About Bolsover Castle
Dominating the countryside from its hilltop, Bolsover occupies the site of a medieval castle built by the Peverel family shortly after the Norman Conquest. Sir Charles Cavendish bought the old castle in 1612 and began work on his 'Little Castle' project. Despite its embattled appearance, his creation was not designed for defence, but for elegant living.
Sir Charles intended the house as a retreat from the world to an imaginary golden age of chivalry and pleasure. His son William, later Duke of Newcastle, inherited the Little Castle in 1616 and set about its completion, assisted by the architect John Smythson. An extraordinary survival, the exquisitely carved fireplaces and recently conserved murals and painted panelling of its interiors take the visitor on an allegorical journey from earthly concerns to heavenly (and erotic) delights.
William also added the vast and stately rooms of the Terrace Range, now a dramatic roofless shell. To show off his achievement, in 1634 he invited the Stuart court to 'Love's Welcome to Bolsover', a masque specially written by Ben Jonson for performance in the Fountain Garden. Finally he constructed the cavernous Riding House with its magnificent roof, perhaps the finest surviving indoor riding school in Britain: here he indulged his passion for training 'great horses'. There is also a Discovery Centre in the Stables, with audio-visual displays.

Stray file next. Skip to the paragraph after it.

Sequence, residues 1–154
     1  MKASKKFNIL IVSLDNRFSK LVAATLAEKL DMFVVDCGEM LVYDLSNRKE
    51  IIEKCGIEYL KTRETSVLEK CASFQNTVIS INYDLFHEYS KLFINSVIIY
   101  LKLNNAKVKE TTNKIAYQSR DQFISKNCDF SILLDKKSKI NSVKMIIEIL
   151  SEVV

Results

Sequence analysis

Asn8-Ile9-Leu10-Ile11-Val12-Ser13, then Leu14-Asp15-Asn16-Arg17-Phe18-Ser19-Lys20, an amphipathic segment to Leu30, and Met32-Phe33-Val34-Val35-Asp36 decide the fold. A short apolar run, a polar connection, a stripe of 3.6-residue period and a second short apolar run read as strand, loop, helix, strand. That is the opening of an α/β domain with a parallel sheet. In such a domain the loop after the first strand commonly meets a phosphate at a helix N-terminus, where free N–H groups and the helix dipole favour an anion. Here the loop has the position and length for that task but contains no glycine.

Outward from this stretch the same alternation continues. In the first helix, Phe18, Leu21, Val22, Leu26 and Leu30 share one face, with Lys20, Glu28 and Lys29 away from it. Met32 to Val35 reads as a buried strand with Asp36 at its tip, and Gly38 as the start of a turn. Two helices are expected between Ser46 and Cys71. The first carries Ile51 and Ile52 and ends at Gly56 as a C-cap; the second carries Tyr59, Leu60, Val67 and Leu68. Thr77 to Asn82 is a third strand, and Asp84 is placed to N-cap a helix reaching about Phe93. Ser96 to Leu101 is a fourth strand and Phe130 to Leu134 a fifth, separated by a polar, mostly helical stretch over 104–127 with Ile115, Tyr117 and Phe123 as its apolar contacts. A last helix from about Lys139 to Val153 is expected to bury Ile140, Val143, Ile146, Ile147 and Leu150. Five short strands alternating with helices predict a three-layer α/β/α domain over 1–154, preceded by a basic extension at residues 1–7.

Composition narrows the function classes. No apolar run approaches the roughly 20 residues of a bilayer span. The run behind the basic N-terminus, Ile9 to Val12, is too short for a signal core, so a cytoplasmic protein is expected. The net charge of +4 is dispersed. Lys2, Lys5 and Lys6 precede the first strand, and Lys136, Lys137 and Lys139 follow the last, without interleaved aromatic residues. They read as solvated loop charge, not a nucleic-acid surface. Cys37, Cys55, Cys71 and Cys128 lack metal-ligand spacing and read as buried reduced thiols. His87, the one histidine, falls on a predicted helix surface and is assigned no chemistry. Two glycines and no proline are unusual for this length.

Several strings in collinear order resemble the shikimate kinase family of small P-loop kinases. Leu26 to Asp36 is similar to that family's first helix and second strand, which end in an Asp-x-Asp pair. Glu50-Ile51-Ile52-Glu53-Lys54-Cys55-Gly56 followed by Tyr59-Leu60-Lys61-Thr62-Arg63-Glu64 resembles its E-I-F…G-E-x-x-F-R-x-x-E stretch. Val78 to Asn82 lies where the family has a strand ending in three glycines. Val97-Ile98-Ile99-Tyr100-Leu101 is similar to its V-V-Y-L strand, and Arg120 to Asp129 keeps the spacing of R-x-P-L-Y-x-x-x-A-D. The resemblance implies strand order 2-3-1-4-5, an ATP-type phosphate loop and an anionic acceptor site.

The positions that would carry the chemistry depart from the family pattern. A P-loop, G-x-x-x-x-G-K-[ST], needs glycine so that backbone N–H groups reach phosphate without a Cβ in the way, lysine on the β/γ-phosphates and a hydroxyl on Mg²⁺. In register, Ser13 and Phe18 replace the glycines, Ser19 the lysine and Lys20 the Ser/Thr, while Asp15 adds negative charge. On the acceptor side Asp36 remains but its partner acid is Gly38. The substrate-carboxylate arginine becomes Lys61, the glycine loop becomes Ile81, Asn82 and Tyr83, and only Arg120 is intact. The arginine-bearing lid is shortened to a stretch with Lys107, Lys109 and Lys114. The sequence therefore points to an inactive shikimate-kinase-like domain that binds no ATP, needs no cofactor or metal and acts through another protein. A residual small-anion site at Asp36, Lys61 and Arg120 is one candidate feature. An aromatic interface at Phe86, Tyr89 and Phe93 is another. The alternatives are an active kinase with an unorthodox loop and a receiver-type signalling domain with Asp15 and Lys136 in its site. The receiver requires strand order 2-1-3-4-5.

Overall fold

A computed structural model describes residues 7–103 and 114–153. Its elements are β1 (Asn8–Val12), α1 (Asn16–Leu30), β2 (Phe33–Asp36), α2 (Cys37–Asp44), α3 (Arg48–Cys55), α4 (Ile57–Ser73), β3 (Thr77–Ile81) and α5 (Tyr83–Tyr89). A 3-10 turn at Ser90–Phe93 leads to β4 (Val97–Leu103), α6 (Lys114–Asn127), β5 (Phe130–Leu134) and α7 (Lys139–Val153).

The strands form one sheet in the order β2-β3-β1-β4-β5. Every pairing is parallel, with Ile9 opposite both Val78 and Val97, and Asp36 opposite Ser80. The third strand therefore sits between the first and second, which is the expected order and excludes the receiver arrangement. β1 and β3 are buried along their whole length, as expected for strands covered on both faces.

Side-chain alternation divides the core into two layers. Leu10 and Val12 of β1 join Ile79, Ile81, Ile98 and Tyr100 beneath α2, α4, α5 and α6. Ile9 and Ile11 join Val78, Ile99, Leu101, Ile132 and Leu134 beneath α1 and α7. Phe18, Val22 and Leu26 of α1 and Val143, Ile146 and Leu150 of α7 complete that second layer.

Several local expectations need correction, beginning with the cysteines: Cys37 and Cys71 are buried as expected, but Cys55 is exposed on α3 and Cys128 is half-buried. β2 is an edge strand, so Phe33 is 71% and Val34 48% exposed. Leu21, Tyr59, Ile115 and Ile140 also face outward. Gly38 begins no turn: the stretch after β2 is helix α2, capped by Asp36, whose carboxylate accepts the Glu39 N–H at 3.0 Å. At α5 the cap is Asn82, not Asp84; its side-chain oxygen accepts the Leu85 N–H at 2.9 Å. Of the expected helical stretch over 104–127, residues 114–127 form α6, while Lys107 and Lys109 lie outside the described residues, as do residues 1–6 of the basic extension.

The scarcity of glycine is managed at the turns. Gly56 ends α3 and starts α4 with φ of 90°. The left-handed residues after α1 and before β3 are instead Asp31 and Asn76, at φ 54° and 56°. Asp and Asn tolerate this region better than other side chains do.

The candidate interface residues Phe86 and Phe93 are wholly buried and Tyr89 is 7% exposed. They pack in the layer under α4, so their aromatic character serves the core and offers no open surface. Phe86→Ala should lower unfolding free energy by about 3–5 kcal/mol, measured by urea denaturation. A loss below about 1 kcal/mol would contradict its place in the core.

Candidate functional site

The castle battlements and the Venus Garden are in the process of being restored, and the fountain, with 23 new statues, plays again for the first time in centuries. A series of 'Caesar paintings' depicting Roman emperors and empresses has also recently returned to Bolsover. These were commissioned by William Cavendish and copied from originals by the great Venetian artist Titian - which have since been destroyed - making the Bolsover versions uniquely important.
Castle Street, Bolsover, Chesterfield, Derbyshire, S44 6PR